canstockphoto5586193I was doing a speech today and was thinking back on why I decided to write about reading 50 books in 50 weeks. Why not just read them? Have you ever read something and you thought it was awesome, but then you either didn’t apply it, or forgot that you even read it? We all have. I figured that by writing it down I was more likely to remember and apply the lessons.

Unfortunately we’ve become a nation of distraction. We are pulled to the next shiny object by emails, phone calls, text messages, Tweets and Facebook status updates. We don’t want to miss anything, but what if  you were reading something and you discovered the secret to success in life – then you get a text message, which you naturally check out, but during that temporary distraction you turn the page and forget about it completely!? Part of our challenge today is that we’ve forgotten how to focus on the here and the now.

When a text or email comes across, we starting thinking about possibilities, and STOP thinking about the reality before us. But its not just technology that interrupts us – sometimes its our own thoughts. Unfortunately, we don’t choose most of the thoughts in our head (Harris 49). Most just show up of their own accord, but just because they pop up doesn’t mean we have to take them seriously (Harris 49). There are several defusion techniques Harris’ suggests including:

  • Not taking it seriously. If you get a thought like, “I’m a loser.” Follow that up with, “I’m a banana.” (Harris 50). This silly thought acts to defuse the first thought and can make you smile.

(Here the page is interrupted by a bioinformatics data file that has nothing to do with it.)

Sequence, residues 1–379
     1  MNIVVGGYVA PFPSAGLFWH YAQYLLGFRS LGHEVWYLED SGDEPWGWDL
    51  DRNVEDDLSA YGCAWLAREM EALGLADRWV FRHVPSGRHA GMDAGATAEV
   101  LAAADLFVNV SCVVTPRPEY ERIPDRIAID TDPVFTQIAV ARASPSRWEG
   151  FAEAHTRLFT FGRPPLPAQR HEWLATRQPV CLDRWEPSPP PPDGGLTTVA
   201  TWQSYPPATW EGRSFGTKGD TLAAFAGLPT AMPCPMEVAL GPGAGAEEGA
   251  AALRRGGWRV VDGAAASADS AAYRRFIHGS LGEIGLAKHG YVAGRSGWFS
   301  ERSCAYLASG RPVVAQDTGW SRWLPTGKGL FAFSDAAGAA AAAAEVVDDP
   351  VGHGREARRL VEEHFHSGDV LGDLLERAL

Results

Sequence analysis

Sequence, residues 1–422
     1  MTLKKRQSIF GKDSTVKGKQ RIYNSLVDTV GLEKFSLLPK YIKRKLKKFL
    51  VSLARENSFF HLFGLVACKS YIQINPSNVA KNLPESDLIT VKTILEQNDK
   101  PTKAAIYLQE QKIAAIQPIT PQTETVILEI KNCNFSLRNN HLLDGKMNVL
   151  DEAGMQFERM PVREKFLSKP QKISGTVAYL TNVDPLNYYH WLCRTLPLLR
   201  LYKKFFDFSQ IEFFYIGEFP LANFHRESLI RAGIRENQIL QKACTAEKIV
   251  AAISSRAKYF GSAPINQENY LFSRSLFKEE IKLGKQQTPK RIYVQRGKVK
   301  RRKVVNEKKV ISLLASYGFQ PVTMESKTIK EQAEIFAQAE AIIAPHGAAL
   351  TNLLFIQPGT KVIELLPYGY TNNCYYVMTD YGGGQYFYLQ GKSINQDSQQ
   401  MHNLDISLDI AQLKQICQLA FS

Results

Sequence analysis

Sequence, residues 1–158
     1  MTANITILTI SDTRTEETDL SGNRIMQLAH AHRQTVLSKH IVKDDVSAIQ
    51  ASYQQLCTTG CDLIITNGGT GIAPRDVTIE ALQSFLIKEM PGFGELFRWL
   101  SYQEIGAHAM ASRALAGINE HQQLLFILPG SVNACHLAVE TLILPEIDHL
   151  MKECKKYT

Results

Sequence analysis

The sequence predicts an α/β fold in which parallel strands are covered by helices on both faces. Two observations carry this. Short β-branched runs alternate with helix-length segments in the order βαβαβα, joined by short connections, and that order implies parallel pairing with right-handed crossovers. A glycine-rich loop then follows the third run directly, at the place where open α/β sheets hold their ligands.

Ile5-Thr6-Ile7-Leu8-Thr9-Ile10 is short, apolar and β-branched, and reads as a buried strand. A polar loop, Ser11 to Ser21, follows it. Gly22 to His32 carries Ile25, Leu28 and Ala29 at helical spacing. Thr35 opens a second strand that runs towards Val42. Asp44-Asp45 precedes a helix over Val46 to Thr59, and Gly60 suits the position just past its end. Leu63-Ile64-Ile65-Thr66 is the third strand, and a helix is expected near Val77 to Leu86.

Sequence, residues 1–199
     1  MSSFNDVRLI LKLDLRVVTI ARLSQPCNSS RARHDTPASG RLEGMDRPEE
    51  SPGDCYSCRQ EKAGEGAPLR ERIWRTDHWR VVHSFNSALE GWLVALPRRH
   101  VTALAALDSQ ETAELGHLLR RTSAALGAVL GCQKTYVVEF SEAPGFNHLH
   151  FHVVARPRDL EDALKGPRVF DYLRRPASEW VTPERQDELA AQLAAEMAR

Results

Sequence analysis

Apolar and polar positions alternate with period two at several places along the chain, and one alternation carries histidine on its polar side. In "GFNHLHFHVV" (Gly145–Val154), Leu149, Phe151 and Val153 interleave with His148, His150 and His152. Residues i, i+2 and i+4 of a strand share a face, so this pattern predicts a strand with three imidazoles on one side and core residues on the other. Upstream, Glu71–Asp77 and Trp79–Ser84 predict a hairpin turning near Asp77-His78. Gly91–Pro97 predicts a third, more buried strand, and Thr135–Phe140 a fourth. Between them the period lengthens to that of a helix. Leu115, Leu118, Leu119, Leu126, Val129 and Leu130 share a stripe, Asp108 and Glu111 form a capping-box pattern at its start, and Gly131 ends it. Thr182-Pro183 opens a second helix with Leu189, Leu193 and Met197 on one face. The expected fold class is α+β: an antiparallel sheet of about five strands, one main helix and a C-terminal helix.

• Thanking your mind. When an errant or negative thought pops up, just say to yourself “Thanks, Mind!” and then go about your business (Harris 51). I’m going to admit this doesn’t work for me at all because you’re not supposed to use sarcasm when you say this and I can’t have those thoughts without a sarcastic comment following right behind. BUT, Harris also qualifies these strategies by saying that some work for some people while some don’t. Use what works, which is great advice.
  • The Silly Voices. I first heard about this through Tony Robbins. When you’re having these negative thoughts, put a silly voice, like Homer Simpson’s voice, to them. They lose their impact that way.
  • “I’m having the thought that…” We talked about this one yesterday and personally this is my favorite because it removes me from the situation. It turns me into an observer rather than an involved party. I actually did this the other day and it worked!

But, what if the thought is not just something that popped into your mind? What if it’s both true and serious, like you have a deadly disease and only months to live (Harris 53). The same rules apply – you can dwell on the lack of time you have left or you can focus on what you can do with the time you have left – the bottom line is the same: are the thoughts you’re having helping you or hurting you? If they are hurting you, defuse them through one of the techniques above (or invent your own), then replace them with thoughts that help you. Also, remember that defusion takes practice. You will have to consciously do this for awhile but eventually you’ll do it unconsciously.